Interview by Emme Martin | Photography by Ruben Guerreiro, courtesy of Studio Vanessa Barragão
The beauty of humanity is that we all express ourselves in unique ways, yet we usually want the same things: love, compassion, acceptance, and so forth. It’s exhilarating to discover an artist whose work demonstrates these messages with such clarity and beauty.
When I came across Portuguese artist Vanessa Barragão’s work, I was intrigued by her innovative techniques and profound messages. The work speaks to more than just a stunning presentation as sustainability and life’s challenges are at the core of Vanessa’s purpose. Her techniques are based on ancestral textile processes, such as crochet and embroidery. She creates based on a feeling and goes from there with no guarantee of the result, allowing for the full expression of her artistry to come to life. Her work is bold, colorful, and unlike any other.
I chatted with Vanessa about sustainable art, her journey to realizing her purpose, and the importance of staying true to your roots. Check out our inspiring conversation below.
VIE: When did you know you wanted to be an artist, and what inspired you to get into fashion and textiles?
Vanessa Barragão: I grew up in Albufeira, my hometown. I spent all my childhood and the beginning of my teenage years in this seaside city. I was a tranquil child, always very inspired by my grandmas. I used to draw, paint, and create clothes for my dolls, and I think this was the beginning of my immense passion for textile work. Since I’ve known me, I always had this dream to be an artist. But I never realized that it could become true. This journey to be an artist grew in a very organic way and step by step.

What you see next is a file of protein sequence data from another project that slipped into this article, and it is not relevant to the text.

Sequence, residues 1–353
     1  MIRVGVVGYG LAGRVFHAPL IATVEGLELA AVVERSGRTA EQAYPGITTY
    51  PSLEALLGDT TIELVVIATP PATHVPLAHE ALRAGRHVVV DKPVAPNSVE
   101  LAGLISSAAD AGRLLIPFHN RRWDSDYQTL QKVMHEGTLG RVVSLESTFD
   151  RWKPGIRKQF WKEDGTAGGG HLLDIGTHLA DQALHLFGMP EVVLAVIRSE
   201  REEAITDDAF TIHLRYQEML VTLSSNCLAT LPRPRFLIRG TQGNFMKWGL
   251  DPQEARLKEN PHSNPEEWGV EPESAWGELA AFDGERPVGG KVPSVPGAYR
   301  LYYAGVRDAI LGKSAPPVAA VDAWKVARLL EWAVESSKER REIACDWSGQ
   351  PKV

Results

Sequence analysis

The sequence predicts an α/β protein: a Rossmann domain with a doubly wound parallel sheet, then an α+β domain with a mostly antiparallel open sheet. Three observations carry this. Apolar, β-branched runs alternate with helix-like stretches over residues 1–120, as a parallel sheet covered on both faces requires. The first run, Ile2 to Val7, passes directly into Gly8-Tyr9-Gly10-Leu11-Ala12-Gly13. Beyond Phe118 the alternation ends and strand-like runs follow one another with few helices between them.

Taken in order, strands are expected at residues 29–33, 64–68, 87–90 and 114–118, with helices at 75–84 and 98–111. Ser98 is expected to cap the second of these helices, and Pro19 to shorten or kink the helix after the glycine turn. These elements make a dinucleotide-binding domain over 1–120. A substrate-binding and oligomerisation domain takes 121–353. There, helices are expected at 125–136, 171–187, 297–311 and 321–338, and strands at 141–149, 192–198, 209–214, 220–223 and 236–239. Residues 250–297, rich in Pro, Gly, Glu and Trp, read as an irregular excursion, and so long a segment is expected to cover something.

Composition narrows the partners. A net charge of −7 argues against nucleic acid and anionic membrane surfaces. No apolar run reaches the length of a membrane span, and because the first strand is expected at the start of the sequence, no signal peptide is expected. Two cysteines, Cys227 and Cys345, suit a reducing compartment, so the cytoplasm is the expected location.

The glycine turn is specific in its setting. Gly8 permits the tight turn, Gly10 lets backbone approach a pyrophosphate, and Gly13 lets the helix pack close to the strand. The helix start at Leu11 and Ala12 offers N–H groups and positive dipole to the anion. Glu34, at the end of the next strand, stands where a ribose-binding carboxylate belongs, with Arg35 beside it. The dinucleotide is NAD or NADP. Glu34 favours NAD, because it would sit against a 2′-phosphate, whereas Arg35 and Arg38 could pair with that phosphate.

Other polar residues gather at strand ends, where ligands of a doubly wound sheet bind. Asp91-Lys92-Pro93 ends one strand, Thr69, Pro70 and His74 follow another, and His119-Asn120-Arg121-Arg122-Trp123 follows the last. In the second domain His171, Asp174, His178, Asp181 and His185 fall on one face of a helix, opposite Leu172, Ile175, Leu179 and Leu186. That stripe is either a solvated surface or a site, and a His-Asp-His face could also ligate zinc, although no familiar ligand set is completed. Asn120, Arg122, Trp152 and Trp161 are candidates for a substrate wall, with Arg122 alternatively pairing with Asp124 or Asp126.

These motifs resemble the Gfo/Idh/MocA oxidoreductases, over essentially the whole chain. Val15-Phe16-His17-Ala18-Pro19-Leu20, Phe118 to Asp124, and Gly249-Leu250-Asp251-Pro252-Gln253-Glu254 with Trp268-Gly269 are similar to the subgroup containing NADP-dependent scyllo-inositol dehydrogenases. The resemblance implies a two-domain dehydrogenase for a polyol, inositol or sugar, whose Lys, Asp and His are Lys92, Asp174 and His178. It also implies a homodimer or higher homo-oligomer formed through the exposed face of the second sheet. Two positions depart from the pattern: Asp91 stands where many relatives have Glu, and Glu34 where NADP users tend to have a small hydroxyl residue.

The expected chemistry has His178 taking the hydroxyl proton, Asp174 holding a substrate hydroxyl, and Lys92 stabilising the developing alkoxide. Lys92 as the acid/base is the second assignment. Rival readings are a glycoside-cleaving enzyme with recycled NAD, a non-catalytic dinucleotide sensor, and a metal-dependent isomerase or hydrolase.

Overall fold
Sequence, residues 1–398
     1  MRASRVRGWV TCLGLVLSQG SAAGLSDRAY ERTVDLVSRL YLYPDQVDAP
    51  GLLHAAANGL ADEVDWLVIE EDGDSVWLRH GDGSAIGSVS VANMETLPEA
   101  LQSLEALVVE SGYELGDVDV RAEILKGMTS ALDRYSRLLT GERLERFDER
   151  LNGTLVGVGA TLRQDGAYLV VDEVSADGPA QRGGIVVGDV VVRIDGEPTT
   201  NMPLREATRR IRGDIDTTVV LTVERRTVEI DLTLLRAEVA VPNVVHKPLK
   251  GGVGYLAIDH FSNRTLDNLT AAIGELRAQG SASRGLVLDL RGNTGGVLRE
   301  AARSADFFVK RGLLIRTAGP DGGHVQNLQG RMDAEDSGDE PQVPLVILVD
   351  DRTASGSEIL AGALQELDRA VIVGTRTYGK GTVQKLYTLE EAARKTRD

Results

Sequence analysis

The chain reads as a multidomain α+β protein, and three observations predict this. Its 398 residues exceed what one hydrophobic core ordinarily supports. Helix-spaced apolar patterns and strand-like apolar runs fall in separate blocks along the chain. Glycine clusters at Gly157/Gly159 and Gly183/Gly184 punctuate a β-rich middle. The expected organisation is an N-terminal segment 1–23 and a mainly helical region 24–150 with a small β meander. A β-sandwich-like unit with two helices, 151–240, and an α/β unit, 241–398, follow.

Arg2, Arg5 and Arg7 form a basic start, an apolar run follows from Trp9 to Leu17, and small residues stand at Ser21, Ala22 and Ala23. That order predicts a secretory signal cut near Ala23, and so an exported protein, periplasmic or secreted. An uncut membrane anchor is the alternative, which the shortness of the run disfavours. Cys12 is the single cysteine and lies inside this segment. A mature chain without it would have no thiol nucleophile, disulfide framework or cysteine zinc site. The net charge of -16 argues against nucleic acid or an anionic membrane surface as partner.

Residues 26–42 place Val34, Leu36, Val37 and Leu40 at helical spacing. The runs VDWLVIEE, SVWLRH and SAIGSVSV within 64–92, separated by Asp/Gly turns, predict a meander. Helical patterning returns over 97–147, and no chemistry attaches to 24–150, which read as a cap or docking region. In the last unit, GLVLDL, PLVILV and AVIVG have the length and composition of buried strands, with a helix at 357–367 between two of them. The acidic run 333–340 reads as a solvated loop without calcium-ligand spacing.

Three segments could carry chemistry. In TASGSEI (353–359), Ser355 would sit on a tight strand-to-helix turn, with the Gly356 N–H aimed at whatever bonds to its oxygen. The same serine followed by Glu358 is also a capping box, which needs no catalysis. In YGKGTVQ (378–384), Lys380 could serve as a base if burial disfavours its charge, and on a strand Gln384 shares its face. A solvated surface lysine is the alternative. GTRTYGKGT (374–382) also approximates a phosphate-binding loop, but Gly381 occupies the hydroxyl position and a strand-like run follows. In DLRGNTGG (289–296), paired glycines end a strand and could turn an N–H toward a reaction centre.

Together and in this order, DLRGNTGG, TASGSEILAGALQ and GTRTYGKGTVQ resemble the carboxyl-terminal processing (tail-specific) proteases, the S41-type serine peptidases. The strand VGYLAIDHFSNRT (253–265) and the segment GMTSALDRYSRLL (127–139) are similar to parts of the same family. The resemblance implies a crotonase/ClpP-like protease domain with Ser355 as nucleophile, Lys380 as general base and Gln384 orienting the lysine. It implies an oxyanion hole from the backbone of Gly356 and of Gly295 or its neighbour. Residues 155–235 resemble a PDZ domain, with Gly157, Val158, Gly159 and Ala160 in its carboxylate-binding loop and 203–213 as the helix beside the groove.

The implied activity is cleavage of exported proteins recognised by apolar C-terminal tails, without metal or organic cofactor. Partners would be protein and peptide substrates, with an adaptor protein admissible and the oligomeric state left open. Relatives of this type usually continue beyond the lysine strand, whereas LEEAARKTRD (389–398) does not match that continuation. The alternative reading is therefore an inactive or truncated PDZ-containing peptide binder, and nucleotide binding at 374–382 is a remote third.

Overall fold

My grandmas have been my inspiration for this decision since my childhood. I used to believe that it was my vocation and what I would like to do. Still, during university, I realized that the fashion environment and production methodologies were so different from my perspectives and way of living. So, during my master’s degree in fashion, I decided to focus my studies on fiber and artisanal textile processes.
VIE: What does sustainability mean to you, and how do you incorporate this into your work?
VB: Sustainability involves three different areas: economic, social, and environmental. It’s challenging and almost impossible to have a 100 percent sustainable business, but it’s crucial to find ways to turn our businesses and lives toward more sustainable practices. When we speak about a sustainable product, many aspects have to be involved.